The U.S. Hispanic population has reached 50 million people and now represents 16% of the total population. The Hispanic Databook provides a detailed analysis of this growing population base, offering informative statistics on 26 statistical topics, with additional data on all 23 Hispanic origins. With updated information from the 2010 Census and American Community Survey, researchers will find statistics for all 50 States and 782 Places, with data on all 23 Hispanic groups.
New to this third edition, Hispanic data is now compiled into easy-to-use place profiles. Nation, State and City profiles allow the user to drill down their research from the nation as a whole right down to statistics on an individual city.
Nation, State & City Profiles
Begins with a National Profile and Nationwide Maps for each of the 23 Hispanic groups. Next, State Profiles begin each chapter, followed by individual Place Profiles. These informative summaries provide immediate access to statistics for Overall Population, Median Age, Average Household Size, Language Spoken at Home, Foreign Born, Education Attainment, Median Income and Homeownership. Coverage includes the Hispanic population as a whole and broken down by 23 Hispanic origins, from Argentinean to Venezuelan.
Over 20 New Statistical Topics include Population Growth, Male/Female Ratio, Public & Private School Enrollment, Unemployment Rate, Type of Employment, Means of Transportation to Work, Travel Time to Work, Households with $100,000+ Income, Households with Public Assistance or Food Stamps, and more.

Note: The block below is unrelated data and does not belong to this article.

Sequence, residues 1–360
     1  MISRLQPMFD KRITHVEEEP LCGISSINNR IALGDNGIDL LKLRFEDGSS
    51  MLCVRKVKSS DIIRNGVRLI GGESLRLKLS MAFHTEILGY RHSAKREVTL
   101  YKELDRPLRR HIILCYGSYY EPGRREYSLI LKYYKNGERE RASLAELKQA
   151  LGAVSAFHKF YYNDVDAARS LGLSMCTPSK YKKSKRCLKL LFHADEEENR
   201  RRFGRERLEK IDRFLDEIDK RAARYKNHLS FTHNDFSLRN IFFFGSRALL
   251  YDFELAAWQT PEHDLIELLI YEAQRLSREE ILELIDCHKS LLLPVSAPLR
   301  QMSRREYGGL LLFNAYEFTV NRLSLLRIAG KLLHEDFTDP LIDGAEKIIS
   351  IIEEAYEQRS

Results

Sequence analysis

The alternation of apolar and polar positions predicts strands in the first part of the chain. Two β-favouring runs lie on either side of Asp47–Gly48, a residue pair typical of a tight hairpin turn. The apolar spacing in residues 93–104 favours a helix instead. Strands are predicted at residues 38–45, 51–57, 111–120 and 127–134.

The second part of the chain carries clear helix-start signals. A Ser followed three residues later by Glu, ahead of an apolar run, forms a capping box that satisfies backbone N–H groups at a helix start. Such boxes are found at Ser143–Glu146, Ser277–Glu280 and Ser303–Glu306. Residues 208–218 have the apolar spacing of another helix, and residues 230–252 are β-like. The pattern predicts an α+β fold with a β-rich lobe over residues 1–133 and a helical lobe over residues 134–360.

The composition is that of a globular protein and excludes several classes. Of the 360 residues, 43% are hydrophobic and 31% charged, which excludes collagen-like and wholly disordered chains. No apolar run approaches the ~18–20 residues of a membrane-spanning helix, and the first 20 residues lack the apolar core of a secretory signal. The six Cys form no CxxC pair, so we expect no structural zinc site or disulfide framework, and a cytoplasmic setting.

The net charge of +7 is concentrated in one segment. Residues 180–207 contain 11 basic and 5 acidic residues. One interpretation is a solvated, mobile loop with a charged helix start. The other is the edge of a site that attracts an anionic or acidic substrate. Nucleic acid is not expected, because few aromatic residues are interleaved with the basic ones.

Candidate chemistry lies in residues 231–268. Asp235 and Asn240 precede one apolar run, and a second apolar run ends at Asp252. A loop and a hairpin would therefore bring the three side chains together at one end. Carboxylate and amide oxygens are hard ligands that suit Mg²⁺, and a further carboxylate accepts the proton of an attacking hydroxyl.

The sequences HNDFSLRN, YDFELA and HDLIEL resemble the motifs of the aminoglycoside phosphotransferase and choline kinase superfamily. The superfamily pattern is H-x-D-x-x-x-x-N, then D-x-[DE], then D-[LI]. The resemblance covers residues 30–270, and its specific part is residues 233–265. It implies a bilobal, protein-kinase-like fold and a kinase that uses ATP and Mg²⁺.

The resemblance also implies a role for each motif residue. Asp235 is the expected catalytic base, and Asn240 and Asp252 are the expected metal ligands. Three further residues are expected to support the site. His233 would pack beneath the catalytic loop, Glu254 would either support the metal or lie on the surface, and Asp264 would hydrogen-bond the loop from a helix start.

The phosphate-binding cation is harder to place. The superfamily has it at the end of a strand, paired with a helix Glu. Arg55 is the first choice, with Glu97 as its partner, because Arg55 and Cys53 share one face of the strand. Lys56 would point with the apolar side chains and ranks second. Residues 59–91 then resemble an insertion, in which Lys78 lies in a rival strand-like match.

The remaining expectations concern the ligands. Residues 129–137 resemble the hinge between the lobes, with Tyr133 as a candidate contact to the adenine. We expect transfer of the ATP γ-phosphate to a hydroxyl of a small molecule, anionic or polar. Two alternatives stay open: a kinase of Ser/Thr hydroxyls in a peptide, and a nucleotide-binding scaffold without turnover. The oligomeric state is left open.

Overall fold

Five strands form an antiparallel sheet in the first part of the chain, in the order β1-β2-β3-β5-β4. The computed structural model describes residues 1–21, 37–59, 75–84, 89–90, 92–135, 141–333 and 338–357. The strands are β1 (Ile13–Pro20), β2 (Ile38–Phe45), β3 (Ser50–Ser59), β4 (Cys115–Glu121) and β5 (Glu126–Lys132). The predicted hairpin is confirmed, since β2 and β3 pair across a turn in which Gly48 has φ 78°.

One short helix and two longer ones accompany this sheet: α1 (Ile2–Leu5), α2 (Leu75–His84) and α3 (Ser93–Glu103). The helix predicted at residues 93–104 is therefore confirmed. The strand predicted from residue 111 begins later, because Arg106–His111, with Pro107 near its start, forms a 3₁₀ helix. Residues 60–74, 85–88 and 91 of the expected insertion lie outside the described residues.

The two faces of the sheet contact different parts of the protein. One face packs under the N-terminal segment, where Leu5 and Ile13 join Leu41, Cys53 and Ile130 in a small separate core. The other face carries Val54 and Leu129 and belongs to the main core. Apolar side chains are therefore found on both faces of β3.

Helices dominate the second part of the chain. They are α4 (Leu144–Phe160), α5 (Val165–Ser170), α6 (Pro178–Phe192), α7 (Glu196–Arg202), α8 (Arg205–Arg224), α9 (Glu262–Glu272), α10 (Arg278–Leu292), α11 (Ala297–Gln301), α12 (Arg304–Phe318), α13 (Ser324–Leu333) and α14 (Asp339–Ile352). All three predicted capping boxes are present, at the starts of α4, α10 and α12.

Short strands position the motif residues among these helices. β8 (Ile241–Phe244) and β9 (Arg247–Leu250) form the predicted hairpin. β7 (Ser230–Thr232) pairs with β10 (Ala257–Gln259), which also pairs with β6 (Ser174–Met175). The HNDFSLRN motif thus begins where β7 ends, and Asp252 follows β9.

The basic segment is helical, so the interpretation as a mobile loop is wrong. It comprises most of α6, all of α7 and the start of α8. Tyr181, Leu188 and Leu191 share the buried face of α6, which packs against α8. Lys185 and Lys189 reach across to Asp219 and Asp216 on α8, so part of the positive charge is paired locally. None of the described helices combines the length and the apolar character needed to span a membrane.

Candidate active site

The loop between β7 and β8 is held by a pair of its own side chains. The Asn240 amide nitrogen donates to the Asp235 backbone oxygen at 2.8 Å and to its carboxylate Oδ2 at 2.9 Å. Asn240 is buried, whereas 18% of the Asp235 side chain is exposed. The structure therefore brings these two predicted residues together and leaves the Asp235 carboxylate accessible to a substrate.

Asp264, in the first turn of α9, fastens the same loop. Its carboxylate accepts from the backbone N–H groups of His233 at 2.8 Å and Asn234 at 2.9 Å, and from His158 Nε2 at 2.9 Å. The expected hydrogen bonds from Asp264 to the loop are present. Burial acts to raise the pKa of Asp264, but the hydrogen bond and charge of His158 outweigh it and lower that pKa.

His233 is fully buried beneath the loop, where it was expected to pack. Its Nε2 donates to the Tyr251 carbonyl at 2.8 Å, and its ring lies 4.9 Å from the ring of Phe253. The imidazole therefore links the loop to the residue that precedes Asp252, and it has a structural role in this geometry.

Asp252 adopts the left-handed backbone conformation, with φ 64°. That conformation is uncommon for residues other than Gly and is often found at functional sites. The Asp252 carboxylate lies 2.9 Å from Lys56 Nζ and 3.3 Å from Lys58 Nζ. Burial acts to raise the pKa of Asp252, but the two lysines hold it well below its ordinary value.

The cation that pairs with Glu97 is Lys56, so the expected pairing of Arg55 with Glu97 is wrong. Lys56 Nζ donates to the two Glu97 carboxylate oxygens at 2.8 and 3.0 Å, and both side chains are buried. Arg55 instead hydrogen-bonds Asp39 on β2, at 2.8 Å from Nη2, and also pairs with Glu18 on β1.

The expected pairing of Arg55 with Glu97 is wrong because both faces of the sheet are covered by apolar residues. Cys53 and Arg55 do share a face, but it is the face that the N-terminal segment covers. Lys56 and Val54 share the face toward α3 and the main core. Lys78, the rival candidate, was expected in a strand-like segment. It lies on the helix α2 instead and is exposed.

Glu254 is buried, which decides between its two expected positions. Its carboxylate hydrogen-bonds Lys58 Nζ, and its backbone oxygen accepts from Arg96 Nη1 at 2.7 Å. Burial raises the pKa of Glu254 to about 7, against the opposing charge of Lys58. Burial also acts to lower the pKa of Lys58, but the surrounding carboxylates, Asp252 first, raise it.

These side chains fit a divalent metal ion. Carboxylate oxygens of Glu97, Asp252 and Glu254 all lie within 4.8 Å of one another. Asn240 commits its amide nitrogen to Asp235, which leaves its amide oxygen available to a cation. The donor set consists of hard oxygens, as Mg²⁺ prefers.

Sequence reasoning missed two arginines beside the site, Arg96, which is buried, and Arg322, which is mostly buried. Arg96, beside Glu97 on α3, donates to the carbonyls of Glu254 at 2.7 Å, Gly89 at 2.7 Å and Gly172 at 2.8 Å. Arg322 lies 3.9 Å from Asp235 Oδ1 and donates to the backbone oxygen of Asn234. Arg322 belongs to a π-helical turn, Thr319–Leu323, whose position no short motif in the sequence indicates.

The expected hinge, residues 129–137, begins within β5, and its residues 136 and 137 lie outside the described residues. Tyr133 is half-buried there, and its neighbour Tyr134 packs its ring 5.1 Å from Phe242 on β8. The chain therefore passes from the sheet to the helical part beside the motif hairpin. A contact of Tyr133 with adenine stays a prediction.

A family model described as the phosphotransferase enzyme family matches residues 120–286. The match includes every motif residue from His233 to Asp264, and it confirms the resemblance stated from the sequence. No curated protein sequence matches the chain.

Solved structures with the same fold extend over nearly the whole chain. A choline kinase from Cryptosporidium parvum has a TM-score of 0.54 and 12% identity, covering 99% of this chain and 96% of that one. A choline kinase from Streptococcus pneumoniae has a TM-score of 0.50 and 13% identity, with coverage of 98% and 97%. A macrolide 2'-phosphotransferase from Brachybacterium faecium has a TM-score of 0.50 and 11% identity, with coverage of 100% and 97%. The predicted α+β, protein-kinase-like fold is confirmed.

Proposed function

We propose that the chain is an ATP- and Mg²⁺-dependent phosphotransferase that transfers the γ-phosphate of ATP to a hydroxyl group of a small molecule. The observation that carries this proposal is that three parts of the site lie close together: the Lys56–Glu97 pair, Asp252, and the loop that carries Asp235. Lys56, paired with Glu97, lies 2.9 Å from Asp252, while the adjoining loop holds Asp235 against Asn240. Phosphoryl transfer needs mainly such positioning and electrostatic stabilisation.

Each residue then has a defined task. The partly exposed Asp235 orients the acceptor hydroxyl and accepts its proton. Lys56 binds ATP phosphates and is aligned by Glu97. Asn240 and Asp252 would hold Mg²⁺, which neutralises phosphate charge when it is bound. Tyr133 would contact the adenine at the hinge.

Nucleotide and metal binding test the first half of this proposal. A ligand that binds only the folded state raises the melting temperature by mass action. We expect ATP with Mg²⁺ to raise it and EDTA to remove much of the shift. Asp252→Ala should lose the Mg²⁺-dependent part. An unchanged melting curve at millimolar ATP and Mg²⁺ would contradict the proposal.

National & State Comparative Rankings contains 1,988 charts that rank the top 10 states, counties and places for all 26 topics and 23 Hispanic groups. All topics are ranked by number and many also by percentage, in both ascending and descending order. For comparative purposes, the U.S. figures are included in each table. Using the rankings, researchers will learn that Charlotte, NC showed the greatest growth in the Argentinean population between 2000 and 2010 (317.9%) and Yonkers, NY has the highest median home value for Hondurans ($875,000). This kind of comparative data cannot be found elsewhere, in print or on the web, in a format that’s as easy-to-use or more concise.
The Hispanic Databook presents a remarkably useful compilation of information that will be a necessary resource for those searching for demographics data and conducting market research. The Hispanic Databook will be an important addition to the reference collection of large public or academic libraries, along with the marketing collection of any company whose primary focus is on the Hispanic population.
Includes Two Years of Free Online Access to sortable ranking tables on the Grey House Online platform, plus a link to this content can be added to your Salem Press landing page.